Anglicanism is a Protestant sect, and as welcome as any of its members will be on return to the See of Peter, they will be welcomed as converts, not as returning schismatic Catholics.

Blessings,

Gerry


#10

Former Anglican/Episcopal priests that become Catholic priests, if already married, can become married Catholic priests. (They get to keep their wives! :slight_smile: ) I would think that, in transition, any reunited Anglican communion priests would enjoy the same process. If I remember correctly, they would not be eligible to become Bishops, however. So there could possibly be some carryover from Anglicanism, at least temporarily.


#11

Anglicans use both the Apostle’s Creed, and the Nicene Creed, as appropriate. The Nicene Creed, at Mass, for example, in the ECUSA 1928 BCP, the Apostle’s Creed at Evening Prayer. Where did you get that idea?

The issue raised here by the OP might relate to whether a formal Anglcain Rote, as opposed to the current Anglcian Use, might bring more converts.

GKC

*Anglicanus Catholicus *

The structural organisation of their church is still exactly the same as when they were part of the Latin Rite so long ago now. All the Pope would really need to do is simply re-communicate a willing Archbishop of Canterbury(or other archbishops) back into communion and swap the Apostles creed with the Nicrene, and their back in the Latin Rite again. This would require jostling for position within Archdioceses and diocese, but I think the fact that Parish numbers would significantly increase would allow them to retain their same positions and rank over their own parishes or to split a diocese in area size into 2 evenly spread dioceses. For example my own archdiocese of Melbourne has more than a few Anglican high church parishes and an Anglo-Catholic cathedral, and the responsibility might need to be shared between both Archbishops. For example, it could be one is given the responsibility of East melbourne, and another given the responsibility of West melbourne.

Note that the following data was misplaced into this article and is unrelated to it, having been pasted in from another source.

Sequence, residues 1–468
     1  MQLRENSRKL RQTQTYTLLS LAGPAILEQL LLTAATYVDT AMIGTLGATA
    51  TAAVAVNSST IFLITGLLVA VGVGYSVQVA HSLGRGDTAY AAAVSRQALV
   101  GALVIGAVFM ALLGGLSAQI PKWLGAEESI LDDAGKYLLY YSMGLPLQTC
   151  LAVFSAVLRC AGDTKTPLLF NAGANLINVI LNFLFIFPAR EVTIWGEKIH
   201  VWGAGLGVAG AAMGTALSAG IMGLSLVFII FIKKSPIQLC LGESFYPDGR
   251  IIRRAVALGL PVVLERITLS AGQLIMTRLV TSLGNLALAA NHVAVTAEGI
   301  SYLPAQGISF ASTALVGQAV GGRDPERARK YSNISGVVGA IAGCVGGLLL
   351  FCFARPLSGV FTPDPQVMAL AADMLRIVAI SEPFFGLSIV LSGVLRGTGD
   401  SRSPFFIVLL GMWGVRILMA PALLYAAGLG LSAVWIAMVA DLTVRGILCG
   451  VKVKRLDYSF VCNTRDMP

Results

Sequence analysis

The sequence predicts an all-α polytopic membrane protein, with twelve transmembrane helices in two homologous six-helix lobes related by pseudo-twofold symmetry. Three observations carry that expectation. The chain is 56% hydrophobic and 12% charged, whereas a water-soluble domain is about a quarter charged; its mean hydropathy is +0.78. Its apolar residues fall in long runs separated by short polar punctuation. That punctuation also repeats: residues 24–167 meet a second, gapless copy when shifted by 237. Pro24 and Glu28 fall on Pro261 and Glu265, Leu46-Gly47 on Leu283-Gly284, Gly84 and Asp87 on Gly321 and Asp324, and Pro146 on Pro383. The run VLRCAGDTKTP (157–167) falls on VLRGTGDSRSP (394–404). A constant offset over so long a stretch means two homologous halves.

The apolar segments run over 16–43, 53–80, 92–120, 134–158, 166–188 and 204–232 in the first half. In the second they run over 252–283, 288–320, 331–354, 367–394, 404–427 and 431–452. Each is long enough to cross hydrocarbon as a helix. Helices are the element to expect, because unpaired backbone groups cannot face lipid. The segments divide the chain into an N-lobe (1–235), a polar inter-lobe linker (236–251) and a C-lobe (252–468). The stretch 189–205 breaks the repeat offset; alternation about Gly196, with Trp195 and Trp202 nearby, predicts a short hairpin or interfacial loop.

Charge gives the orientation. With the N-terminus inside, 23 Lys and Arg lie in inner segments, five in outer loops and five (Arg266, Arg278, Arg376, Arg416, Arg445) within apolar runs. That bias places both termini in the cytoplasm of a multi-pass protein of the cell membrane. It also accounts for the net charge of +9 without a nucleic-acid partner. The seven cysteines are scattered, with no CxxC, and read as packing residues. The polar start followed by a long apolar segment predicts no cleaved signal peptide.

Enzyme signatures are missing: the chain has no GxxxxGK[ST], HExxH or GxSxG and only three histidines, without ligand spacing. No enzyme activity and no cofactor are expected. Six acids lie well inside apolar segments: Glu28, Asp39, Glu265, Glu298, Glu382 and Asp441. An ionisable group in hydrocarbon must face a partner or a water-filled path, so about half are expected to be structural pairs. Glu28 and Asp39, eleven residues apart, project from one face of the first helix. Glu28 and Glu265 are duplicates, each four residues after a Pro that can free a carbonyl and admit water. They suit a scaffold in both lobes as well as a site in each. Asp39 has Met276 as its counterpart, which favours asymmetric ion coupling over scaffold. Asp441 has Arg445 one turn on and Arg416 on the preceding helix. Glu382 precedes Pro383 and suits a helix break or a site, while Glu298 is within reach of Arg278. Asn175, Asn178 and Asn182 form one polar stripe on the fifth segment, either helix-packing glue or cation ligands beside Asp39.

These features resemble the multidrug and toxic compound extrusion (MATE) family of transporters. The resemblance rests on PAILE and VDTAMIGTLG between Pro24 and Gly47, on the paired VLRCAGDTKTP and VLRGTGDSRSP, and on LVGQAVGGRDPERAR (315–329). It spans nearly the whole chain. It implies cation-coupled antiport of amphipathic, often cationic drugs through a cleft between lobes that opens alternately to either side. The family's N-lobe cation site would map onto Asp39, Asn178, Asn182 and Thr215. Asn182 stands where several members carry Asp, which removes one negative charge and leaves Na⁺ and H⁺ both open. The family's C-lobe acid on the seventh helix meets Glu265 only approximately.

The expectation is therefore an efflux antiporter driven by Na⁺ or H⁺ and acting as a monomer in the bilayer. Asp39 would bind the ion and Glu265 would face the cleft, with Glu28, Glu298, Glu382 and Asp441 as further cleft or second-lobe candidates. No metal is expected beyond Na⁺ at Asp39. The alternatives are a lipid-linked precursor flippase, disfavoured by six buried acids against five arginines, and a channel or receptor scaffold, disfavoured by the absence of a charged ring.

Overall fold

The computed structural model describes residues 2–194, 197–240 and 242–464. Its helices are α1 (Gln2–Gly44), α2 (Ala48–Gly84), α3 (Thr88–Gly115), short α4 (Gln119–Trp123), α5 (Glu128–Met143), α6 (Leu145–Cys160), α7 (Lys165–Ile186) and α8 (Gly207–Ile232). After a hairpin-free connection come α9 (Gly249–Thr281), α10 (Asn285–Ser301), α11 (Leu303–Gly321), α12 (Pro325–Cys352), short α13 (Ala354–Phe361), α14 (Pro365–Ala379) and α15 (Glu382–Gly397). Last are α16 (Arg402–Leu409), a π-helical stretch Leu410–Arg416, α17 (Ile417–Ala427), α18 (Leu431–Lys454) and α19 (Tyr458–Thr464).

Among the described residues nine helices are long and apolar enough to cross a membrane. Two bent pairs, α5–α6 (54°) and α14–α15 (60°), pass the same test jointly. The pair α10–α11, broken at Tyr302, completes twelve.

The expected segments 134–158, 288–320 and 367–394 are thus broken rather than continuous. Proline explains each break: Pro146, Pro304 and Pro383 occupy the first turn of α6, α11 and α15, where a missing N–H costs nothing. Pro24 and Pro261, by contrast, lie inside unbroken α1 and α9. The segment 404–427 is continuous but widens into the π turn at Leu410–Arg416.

meh, I guess your way would be easier, or returning them to the Latin Rite would simply be done by election or poll of some sort. anyway it would be cool for Melbourne to have 2 Catholic cathedrals practically within walking distance of each other, St Peter’s(Catholic) and St Paul’s(Anglo-Catholic). I’d like that, and to be honest with you I’d probally join the St Paul’s congregation… that church is really really beautiful on the inside, I’ve gone in there for quiet reflection in the past and it’s really nice and solemn.


#12